Sunday, August 2, 2015

Fox House, Froggatt, and Baslow

What a nightmare! I wish I hadn't gone walking in the Peak District today; I had a terrible day on public transport - I'm absolutely shattered. I arrived at the railway station to find out that engineering work had been scheduled at fairly short notice and so the trains weren't running to Sheffield, I walked over to the bus station and got on the X78 bus to Sheffield which was then held up at the roadworks at Conisbrough. By the time of my return journey to Doncaster I was hoping the trains would be back to normal: I was mistaken, the engineering work was going to last all day, and to make matters worse someone had committed suicide by jumping in front of a train on the Hope Valley Line, meaning that even more rail replacement coaches were required at Sheffield Bus Station. It was chaos; several people desperate to get to Stockport nearly ended up on the Doncaster coach.

Welcome to the Northern Powerhouse.

Back to the day's walk...

I got off the bus at Fox House and meandered along paths on the Longshaw estate which I hadn't explored before; just killing time really, waiting for the weather to brighten up. By the time I'd taken these two photographs there had already been a marked improvement.







After leaving Longshaw Estate I walked along the road for a few yards and then took the footpath just beyond The Grouse Inn.



I crossed a meadow and then was walking in dense woodland; it was very dark in there. Somewhere in this wood, or maybe the next one I would be walking through, there's a statue of a woman on a plinth that was re-located from one of the local country houses. It seems a strange thing to do, and I don't know the story, but it could probably be something to do with a family dispute. I did pass three structures that looked as though they might be empty plinths without statues - I did read somewhere though a while ago that they are something to do with supplying the local villages with water.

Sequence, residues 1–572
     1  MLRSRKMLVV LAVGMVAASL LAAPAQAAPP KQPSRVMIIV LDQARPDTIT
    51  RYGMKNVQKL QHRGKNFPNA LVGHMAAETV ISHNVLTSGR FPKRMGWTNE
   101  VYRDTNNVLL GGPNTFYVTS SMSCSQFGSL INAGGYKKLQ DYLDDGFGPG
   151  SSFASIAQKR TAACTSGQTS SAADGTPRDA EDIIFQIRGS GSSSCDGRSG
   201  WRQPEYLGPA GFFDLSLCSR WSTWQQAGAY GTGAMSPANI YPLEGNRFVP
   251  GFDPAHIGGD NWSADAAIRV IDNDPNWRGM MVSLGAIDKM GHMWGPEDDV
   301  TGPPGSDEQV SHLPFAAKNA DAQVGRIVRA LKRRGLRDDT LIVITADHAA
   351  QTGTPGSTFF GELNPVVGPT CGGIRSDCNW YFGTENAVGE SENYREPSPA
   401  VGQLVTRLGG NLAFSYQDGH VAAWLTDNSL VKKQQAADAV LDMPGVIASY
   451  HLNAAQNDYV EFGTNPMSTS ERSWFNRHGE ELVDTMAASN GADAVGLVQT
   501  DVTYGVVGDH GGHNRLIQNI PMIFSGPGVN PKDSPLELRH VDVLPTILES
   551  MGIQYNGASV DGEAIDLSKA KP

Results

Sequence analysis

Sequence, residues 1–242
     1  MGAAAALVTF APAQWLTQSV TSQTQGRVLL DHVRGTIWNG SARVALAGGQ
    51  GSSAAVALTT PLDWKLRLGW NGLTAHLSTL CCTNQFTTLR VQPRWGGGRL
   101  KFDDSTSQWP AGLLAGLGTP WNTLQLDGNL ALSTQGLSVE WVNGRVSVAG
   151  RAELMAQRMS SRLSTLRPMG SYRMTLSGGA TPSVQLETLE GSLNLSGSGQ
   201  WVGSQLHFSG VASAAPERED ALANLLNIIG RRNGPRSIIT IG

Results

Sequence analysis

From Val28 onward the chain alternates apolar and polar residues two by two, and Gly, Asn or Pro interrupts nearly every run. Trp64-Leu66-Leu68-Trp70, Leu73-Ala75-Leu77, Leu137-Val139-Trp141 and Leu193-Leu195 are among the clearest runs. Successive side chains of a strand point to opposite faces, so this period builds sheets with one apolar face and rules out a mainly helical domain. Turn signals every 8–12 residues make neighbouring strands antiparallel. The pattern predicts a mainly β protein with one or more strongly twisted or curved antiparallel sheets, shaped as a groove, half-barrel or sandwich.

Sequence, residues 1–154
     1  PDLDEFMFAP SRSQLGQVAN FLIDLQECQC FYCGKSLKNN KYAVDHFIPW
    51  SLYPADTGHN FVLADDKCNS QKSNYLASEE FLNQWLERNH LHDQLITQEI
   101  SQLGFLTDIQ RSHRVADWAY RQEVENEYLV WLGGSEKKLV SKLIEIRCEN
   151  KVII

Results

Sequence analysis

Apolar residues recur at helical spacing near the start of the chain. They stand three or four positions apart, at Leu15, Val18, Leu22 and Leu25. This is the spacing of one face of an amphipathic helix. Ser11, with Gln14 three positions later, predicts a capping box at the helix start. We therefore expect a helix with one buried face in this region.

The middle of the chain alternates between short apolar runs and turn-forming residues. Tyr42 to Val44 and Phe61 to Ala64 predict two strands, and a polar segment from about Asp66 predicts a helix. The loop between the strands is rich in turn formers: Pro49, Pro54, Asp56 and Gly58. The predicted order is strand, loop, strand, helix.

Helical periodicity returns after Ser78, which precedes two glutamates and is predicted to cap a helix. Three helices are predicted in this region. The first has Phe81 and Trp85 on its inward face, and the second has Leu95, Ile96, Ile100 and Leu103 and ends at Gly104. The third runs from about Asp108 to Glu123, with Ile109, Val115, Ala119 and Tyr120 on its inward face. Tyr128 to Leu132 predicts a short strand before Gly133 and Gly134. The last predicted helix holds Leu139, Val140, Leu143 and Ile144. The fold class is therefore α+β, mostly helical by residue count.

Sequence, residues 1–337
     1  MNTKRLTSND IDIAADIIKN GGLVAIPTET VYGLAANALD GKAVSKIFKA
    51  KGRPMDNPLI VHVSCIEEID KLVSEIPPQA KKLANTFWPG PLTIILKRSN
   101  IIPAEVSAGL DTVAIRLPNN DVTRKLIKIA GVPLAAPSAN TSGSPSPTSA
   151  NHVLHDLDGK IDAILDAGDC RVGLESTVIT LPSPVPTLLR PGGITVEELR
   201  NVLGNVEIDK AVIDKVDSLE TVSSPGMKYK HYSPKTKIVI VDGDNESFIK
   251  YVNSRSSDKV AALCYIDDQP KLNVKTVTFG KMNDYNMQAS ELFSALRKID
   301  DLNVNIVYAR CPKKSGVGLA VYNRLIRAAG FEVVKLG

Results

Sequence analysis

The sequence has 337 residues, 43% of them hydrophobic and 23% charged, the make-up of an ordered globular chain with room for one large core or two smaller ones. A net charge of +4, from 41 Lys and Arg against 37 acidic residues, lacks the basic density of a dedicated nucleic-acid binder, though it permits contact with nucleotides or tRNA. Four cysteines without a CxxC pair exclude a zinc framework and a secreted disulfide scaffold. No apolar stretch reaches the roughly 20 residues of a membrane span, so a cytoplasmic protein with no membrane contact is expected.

The path leads up to the top road where the highest part of Froggatt is, some very houses here, and The Chequers pub, which I've never been inside.

Just beyond The Chequers I took a path which leads up through woodland and then continues parallel to Curbar Edge; in places where there were fewer trees I could see walkers and climbers up there.



This path comes out onto Curbar Gap, just below the official car park. I had to climb up a fairly steep section of road and then take the middle of three parallel paths which go to Baslow, one was above me along the top of Baslow edge, and one was below, near to the bottom of the valley.

I had time to visit the public toilets and then go for a pot of tea and a slice of Bakewell pudding at The CafĂ© On The Green. Written on the wall of the cubicle in the gents' toilets was an interesting piece of graffiti; some poor sod has a very unusual and degrading sexual paraphilia and was begging for help, as far as I could make out. I took a photograph of the wording but have decided not to publish it here because I don't want for it to end up bouncing all over the internet. 

I caught the 240 service back to Sheffield; I haven't travelled on it before. It takes a route that goes through Ringinglow.